Pastors tell of ways to hold flock to higher standard
JEFFERSON CITY—Pastors who have led churches through a process of recovering a biblical church membership speak honestly of its challenges and hopefully of its cleansing effect.
“Church discipline, at its heart, is about expecting believers to walk within the context of the church in a steady and healthy manner,” said Monty Dunn, pastor, Pleasant View Baptist Church, Highlandville.
From 1997-2004, Dunn led Bethany Baptist in Sedalia through a process that resulted in 52 names being removed from the church’s membership roll. His two predecessors over a period of approximately 10 years acted similarly. Vic Borden has since moved on to pastor Red Bridge Baptist in Kansas City; Joe Braden is now pastor of First Baptist in St. Peters.
“What binds believers, churches, associations and our Convention together is not merely giving through the Cooperative Program,” Dunn said. “What binds us together is a desire to follow the Lord through faith in Christ. We are bound together by the obedience of baptism, a love for the Lord’s Table, honoring the Lord’s Day, loving the Lord’s Word, and loving the Lord’s people. We are bound together by being members of a local Southern Baptist church that is not ashamed of a confession like the Baptist Faith & Message.”
The fear of undergoing this process is that congregations will see it as an inquisition. The danger is that church leaders who do not go forth with tenderness, kindness and love may be viewed as ruthless men who are intent on a purge. But two pastors interviewed by The Pathway—Stephen Sowder of First Baptist Church, Fulton, and Doug Shivers of Boulevard Baptist Church, Springfield—have found quite the opposite to be true. They have enjoyed long tenures at their respective churches while helping their congregations work through this sometimes misunderstood action.
Sowder will complete his 16th year at First Fulton in September. Shivers is in his 13th year at Boulevard. While both men took different paths to recovering a biblical church membership, with Sowder’s being more methodological and Shivers’ being more theological, the effect has been virtually the same. First Fulton went from 1,250 on the rolls to a little more than 600; Boulevard similarly dropped from the 1,200s to the 500s.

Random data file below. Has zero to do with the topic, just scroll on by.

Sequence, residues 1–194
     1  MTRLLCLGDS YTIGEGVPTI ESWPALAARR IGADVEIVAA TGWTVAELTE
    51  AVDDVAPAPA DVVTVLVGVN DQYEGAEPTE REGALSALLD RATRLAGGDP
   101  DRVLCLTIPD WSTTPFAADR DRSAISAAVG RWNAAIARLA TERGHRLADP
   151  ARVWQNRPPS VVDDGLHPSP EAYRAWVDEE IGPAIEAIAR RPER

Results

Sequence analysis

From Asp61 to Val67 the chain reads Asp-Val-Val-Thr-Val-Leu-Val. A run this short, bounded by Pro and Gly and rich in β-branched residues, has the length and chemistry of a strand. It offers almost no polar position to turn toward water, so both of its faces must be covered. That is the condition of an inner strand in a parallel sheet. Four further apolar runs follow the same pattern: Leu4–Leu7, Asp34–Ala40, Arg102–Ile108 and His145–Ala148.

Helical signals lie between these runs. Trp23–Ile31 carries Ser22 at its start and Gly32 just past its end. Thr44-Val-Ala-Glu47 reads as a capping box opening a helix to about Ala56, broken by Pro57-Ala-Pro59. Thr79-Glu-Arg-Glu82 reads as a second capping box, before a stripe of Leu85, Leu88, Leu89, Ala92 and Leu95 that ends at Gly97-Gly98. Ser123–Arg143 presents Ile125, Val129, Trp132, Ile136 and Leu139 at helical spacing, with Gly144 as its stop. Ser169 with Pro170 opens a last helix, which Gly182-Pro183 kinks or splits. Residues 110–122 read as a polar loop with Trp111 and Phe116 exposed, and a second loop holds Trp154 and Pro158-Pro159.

Sowder explained that when he was only two years into his pastorate, in the summer of 1993, church members began to express concern that their church, which averaged around 300 in Sunday worship, was not portraying itself truthfully to the denomination and to the general public.
“It came from the ranks of our leadership,” Sowder said. “I did not go into a meeting and say, ‘Hey, we need to do something about this.’ What prompted it was when we were electing messengers for our association and the State Convention. We felt like we had an integrity problem (in true membership).”
Shivers, who loves to study and preach, has taken a long-term view of his congregation. Years of preaching and teaching from the Boulevard pulpit have been used to birth a consistent cleansing of the rolls. One example of how this works is that every family unit in the church is assigned to a deacon who is then asked to contact each family in some way twice each year.
“We’ve not regretted for a moment the membership reformation we began a few years ago,” Shivers said.
First Fulton took a whole year to write letters with response cards to potentially wayward members. Church leaders collected data and participated in follow-up visits. It all led up to a business meeting in the fall of 1994 in which the issue was addressed.